Screenshot from Rappler Talk
MANILA, Philippines – University of the Philippines president Danilo Concepcion said he "deeply regrets" the pain his attendance at the Kabataang Barangay reunion caused the UP community.
His apology came amid criticism from students, alumni, and human rights advocates over his appearance at the August 25 event alongside Ilocos Norte Governor Imee Marcos, daughter of the late dictator Ferdinand Marcos.
In a statement on Wednesday, August 29, Concepcion said he only wanted to be with old friends who he served during his term as president of the Kabataang Barangay Metro Manila chapter from 1976 to 1978.
"I intended no offense, most especially to the UP community that I serve," he said.
"My desire to be with old-time friends I had not seen for decades, no matter how briefly, made me overlook its effect on the sentiments of the UP community. Tao lang po (I'm just human)!"
The Kabataang Barangay was created in 1975 to give the Filipino youth "a means and an ample opportunity to express their views." Imee was appointed by her father as national chairperson, a move questioned by many – including Archimedes Trajano.
Trajano disappeared in August 1977. His bloodied body was found on the streets of Manila the following month. Witnesses said he was forcibly taken by men after he asked Imee, during an open forum, why she was the national chairperson. (READ: Gone too soon: 7 youth leaders killed under Martial Law)
Trajano was one of the thousands of Filipinos killed during the Marcos regime. According to Amnesty International, around 3,240 were killed, 34,000 were tortured, and 70,000 were imprisoned during Martial Law from 1972 to 1981. (READ: Worse than death: Torture methods during martial law)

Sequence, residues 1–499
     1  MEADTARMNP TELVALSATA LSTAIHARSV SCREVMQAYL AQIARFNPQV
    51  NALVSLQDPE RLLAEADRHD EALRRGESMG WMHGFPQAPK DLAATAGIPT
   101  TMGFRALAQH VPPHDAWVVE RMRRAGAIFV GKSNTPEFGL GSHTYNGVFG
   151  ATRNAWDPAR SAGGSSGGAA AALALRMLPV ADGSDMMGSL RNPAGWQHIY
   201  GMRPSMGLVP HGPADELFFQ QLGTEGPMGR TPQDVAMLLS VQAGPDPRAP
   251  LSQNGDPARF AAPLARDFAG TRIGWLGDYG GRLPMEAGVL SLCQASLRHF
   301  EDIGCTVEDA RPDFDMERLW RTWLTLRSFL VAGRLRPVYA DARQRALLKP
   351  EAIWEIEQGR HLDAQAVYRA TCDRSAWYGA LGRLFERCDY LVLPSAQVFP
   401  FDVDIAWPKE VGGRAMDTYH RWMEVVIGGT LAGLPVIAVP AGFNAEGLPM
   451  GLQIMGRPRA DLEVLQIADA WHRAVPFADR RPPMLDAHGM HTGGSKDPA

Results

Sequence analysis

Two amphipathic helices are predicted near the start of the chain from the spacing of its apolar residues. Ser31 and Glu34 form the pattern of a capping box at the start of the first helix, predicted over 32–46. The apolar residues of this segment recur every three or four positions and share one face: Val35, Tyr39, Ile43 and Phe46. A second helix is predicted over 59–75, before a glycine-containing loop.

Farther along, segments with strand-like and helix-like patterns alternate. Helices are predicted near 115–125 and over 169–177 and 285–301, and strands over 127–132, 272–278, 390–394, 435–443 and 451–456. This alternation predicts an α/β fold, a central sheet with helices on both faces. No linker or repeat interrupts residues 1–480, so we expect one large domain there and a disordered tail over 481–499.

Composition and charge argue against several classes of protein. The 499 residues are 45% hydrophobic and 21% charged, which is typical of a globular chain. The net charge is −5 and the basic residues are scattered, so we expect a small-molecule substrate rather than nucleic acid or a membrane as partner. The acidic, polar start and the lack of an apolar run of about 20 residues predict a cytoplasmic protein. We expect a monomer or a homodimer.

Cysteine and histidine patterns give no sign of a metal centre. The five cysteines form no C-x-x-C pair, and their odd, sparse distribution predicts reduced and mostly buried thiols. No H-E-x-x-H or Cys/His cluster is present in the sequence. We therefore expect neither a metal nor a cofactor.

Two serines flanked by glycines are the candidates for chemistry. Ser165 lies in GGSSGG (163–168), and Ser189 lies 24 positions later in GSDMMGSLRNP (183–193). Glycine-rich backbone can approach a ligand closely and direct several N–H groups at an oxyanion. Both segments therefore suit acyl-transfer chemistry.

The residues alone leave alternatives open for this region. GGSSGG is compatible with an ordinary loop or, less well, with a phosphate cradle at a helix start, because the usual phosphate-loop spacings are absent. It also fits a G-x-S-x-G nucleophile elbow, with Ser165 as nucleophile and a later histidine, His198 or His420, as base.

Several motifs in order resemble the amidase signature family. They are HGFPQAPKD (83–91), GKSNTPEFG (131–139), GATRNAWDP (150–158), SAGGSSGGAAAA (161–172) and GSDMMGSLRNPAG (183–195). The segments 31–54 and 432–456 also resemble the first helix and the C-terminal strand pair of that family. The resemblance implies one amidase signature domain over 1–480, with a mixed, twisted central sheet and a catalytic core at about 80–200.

The UP Diliman University Student Council said the Kabataang Barangay reunion, held on campus, was "a gross disrespect not only by the Marcoses but also by the university to the long list of martyrs" during Martial Law.
"The presence of the Marcos cronies' youth arm inside the university discredits the sacrifice of those who earnestly fought and offered their lives to the country during Martial Law," the student council said in a statement.
"It outrightly neglected the perpetual struggle of the Filipino people against tyranny and for national democracy."
Concepcion, however, said the university will never forget the horrors of the Marcos dictatorship.
"I would like to assure the UP community that the university under my watch will never forget the dark period of our country during the Martial Law years and will continuously hold in high esteem the university's best and brightest who made the ultimate sacrifice fighting for freedom and democracy," he said. – Rappler.com
Jodesz Gavilan is a writer and researcher for Rappler and its investigative arm, Newsbreak. She covers human rights and also hosts the weekly podcast Newsbreak: Beyond the Stories. She joined Rappler in 2014 after obtaining her journalism degree from the University of the Philippines.